web app and product network concept, RISD industrial design thesis 2010
For my thesis project, I designed a powerful diabetes management tool for both patients and doctors. By combining existing products with accessible technologies, the system allows users to easily manage, automate, and share real-time medical records.
Many thanks to endocrinologist Robert Smith and diabetes educator Sharon Hansen for their mentorship on this project.
Current digital logging solutions all require manual user input, or a physical connection in order to download readings. By incorporating bluetooth technology into devices like blood glucose meters and insulin pumps, Diabetes Connect can automatically send information to a user’s profile.
The system is simple: a user checks their blood or doses insulin. Their medical device then sends this information, via bluetooth, to the user’s phone. If the phone also has internet access, the data is automatically logged to the web app. Otherwise, a text message containing the data is created and sent to the web app through the cell network.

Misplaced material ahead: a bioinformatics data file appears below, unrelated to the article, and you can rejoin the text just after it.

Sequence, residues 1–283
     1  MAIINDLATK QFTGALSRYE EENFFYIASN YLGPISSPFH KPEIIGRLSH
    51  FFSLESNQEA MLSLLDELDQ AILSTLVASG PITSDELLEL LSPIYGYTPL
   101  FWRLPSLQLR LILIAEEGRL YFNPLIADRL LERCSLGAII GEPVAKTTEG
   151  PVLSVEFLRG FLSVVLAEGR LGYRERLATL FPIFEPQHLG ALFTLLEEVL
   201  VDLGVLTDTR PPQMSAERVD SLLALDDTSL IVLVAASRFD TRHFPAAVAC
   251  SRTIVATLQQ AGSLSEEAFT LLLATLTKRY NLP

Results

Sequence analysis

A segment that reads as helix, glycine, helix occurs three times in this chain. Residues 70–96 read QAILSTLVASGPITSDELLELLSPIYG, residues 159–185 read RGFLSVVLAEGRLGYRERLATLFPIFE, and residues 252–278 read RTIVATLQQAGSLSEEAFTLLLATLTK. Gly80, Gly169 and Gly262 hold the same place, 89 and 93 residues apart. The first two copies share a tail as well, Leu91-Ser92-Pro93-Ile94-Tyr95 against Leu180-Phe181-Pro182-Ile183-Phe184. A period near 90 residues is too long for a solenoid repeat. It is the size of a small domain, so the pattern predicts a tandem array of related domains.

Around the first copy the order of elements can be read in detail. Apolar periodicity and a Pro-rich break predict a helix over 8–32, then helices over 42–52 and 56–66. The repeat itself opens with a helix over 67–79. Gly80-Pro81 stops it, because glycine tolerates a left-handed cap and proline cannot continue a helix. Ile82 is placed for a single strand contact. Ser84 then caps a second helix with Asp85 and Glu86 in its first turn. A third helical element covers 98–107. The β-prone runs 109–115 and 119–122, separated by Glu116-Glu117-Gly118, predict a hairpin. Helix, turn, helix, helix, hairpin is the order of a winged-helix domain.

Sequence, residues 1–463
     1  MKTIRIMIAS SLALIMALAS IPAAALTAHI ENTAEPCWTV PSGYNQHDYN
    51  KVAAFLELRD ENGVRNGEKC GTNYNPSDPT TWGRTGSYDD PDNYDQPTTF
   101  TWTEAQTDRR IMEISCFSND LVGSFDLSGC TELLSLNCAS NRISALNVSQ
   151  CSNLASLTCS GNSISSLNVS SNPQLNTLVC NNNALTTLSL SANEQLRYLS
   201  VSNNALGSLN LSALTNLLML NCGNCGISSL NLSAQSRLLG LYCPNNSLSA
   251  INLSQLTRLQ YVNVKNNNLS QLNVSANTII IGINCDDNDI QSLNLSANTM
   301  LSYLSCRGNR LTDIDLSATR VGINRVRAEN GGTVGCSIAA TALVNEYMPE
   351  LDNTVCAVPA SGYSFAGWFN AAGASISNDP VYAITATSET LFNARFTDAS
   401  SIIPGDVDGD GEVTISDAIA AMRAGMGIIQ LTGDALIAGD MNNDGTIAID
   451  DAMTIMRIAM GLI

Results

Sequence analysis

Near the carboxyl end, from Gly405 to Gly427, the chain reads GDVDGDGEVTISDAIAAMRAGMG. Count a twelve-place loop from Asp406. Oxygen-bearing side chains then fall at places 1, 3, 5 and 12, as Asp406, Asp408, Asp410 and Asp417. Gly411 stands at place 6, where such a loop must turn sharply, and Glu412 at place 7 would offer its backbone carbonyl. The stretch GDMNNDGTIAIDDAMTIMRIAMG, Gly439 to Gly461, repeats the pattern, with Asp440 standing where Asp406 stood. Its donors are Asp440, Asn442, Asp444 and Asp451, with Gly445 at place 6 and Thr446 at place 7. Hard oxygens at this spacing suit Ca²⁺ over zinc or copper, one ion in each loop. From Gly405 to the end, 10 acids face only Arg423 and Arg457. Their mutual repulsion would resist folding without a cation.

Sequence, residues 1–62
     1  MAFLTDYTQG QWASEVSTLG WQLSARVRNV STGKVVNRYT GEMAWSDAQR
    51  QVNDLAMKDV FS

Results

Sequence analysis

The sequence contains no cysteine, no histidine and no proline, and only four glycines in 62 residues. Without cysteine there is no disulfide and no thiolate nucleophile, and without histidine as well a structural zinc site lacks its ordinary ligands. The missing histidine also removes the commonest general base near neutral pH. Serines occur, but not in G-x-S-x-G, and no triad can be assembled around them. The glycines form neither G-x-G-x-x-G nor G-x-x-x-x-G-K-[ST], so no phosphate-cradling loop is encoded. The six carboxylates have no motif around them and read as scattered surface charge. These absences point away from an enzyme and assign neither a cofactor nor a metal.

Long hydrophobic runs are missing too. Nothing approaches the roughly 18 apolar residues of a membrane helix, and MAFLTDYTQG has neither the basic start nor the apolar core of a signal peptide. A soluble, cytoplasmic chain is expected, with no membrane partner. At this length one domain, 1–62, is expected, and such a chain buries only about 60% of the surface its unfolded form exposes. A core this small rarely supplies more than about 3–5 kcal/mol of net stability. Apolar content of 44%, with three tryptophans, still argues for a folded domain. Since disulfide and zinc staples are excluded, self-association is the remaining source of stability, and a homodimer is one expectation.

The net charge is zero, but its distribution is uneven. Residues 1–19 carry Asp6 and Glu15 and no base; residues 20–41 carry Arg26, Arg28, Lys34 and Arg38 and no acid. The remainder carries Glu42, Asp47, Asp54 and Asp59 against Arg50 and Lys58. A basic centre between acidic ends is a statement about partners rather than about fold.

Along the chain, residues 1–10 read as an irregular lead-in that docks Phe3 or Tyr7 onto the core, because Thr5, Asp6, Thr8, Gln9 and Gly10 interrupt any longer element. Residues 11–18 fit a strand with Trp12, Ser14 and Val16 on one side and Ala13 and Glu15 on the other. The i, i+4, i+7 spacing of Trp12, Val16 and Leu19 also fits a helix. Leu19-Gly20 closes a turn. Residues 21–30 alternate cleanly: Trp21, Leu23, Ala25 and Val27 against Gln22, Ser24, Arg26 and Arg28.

Information stored in a user’s chart can, with permission, be connected to multiple platforms. The web app can automatically refill prescriptions based on the number of test strips or insulin units tracked. An emergency system (much like Lifeline) can be informed if a blood glucose reading falls above or below preset safety thresholds.
Healthcare providers can be granted access to the app’s charts and records, and even use it as a vital learning tool during office visits.
The application is cross-platform, so users can check their charts wherever they are. Parents and young children especially benefit from the service, because it enables independence for kids, and peace-of-mind for parents who want to know remotely how their kids are doing.
Looking beyond the treatment of diabetes, the system could expand to include any medical device that regularly collects data.